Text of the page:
I would love to take credit for this system, like you I was struggling jumping from one task, project to another, I read Kourosh Dini’s book “Creating Flow with OF” and for me it really “clicked”. I have praised this book before, but it really did work.

  1. Ignore that – it’s a distraction.
  2. Work out where you are trying to get to, and
  3. move towards that place.

Hi TheOldDesigner,

Thank you, I bought his book and listened to it, but will read it again and have my OF open when reading it next.
It’s so easy to get distracted when I have to leave the OF environment, which is what you always have to do with the tasks, and get back. The good news is; I don’t feel “DONE” anymore when all my tasks are in the system (and the actual work still has to be done!)
Thank you and I will have a gander at Kourosh Dini’s book again.

I think of OmniFocus as a restaurant buffet table. There are so many items to chose from but I can’t possibly eat all of it. I grab a plate and pick what I can fit on my plate. I don’t overload the plate or grab 2 plates. I just carry what I want on 1 plate. I no longer look at the buffet table. I keep my focus on what’s on my plate. If I finish my plate and I’m still hungry, I’ll go back for second helpings.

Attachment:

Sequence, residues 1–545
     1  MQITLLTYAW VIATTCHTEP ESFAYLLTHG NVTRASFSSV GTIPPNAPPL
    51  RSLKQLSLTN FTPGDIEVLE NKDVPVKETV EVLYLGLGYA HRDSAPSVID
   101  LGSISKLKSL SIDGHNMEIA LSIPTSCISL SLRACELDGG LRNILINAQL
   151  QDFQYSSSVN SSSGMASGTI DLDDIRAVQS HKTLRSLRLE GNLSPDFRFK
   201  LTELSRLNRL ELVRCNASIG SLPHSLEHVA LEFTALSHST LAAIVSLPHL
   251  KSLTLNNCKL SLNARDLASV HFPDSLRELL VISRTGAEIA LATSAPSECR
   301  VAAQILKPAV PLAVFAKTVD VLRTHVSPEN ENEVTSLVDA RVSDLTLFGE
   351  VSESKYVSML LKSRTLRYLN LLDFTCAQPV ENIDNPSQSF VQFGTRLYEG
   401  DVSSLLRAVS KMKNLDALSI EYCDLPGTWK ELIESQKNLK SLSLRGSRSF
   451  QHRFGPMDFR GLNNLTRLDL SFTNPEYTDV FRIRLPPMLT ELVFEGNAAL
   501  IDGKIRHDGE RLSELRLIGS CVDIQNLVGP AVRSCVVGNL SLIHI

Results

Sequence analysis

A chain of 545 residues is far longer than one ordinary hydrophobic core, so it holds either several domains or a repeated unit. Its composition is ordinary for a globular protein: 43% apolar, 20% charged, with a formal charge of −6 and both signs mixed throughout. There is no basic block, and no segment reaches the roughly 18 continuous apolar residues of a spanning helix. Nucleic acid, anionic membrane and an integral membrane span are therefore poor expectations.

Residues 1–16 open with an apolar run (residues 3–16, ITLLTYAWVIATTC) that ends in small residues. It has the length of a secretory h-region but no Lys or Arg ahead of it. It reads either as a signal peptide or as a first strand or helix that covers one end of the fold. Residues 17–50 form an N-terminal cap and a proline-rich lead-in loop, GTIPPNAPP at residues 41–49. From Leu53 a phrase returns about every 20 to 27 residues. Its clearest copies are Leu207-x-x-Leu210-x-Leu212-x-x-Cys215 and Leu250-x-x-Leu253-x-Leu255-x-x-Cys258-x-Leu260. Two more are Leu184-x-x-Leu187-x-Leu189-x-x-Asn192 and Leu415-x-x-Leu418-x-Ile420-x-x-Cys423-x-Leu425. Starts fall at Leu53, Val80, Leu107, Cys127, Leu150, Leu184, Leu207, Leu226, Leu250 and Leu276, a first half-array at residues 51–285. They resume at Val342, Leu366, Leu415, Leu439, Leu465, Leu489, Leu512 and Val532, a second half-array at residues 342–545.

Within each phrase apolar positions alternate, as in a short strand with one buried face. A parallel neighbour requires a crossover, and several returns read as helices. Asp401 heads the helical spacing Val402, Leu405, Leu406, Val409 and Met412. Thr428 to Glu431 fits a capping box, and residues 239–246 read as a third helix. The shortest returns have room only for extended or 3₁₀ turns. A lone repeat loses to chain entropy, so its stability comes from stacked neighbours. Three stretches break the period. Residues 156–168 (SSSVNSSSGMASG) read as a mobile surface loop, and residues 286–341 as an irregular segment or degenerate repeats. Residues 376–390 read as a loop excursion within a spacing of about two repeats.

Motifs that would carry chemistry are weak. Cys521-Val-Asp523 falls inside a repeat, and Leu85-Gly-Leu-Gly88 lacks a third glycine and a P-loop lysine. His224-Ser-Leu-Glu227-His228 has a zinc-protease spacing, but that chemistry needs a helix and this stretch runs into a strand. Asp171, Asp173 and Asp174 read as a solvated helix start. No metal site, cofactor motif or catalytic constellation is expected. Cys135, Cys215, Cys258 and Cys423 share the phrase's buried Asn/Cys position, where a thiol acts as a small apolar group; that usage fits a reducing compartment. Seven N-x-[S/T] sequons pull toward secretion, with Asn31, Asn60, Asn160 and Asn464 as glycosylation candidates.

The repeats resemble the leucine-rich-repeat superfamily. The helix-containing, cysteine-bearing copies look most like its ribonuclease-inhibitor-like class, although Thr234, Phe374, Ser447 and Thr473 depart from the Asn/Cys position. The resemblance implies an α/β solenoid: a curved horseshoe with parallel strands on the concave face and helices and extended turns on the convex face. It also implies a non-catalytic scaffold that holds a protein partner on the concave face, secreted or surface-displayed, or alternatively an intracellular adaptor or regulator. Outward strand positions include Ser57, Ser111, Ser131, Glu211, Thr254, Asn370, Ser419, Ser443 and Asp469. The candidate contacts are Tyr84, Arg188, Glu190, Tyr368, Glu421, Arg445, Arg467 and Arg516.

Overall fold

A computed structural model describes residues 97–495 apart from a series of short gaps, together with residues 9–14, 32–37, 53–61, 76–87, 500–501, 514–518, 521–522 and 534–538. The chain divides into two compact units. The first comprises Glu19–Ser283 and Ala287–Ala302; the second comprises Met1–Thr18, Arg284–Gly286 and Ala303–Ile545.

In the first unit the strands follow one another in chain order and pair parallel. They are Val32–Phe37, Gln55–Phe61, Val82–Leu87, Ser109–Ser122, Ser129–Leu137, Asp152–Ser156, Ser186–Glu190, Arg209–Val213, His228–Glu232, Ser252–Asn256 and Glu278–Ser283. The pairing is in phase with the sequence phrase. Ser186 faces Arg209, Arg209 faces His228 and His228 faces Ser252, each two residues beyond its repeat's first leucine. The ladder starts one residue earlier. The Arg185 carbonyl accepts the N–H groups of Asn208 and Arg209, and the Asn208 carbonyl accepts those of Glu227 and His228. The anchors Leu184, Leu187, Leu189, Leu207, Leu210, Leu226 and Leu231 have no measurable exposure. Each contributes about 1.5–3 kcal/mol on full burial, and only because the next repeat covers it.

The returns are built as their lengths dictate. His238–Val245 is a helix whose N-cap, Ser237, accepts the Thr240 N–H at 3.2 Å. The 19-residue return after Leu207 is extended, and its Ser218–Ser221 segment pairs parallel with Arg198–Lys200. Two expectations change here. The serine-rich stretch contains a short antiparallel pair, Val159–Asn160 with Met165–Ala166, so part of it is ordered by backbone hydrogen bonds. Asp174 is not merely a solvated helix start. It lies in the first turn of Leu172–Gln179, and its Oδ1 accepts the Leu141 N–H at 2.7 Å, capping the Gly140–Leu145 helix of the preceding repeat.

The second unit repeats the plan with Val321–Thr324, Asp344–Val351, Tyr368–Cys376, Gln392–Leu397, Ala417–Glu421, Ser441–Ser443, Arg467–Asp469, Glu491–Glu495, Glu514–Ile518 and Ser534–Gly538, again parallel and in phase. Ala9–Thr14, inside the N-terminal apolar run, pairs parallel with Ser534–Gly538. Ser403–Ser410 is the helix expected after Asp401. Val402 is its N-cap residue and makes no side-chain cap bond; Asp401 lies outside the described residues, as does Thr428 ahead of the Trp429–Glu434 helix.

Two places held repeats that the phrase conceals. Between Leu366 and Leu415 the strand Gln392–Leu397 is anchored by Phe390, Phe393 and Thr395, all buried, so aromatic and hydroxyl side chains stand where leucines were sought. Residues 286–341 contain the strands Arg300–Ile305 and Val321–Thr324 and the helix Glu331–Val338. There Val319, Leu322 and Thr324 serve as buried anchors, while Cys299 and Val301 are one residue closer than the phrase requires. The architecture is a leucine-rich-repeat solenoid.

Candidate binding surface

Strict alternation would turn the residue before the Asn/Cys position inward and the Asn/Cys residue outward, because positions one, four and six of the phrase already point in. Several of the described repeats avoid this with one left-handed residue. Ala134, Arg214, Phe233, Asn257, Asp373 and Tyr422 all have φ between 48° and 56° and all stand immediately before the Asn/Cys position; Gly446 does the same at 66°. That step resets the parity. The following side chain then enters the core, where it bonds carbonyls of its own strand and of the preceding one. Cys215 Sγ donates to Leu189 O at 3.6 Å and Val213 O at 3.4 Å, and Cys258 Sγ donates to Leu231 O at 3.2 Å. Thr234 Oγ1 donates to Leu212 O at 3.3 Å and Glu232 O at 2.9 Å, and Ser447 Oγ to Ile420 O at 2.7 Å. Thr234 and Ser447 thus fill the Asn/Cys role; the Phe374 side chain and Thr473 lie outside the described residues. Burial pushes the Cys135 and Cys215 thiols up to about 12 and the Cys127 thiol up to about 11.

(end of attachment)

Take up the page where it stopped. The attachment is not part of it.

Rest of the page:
At the end of the day, I look at OmniFocus (or whatever task manager) and I choose either a small handful of tasks or one Big Rock project to focus on tomorrow. I write it down in my BuJo or print out the project’s remaining tasks. I set an appointment in tomorrow’s schedule to get these specific items done. When tomorrow comes, I already have my action plan. I have my chosen tasks and/or Big Rock to focus on. I never look at my task manager. I keep OmniFocus hidden but will capture via Quick Entry screen or on my iPhone/iPad.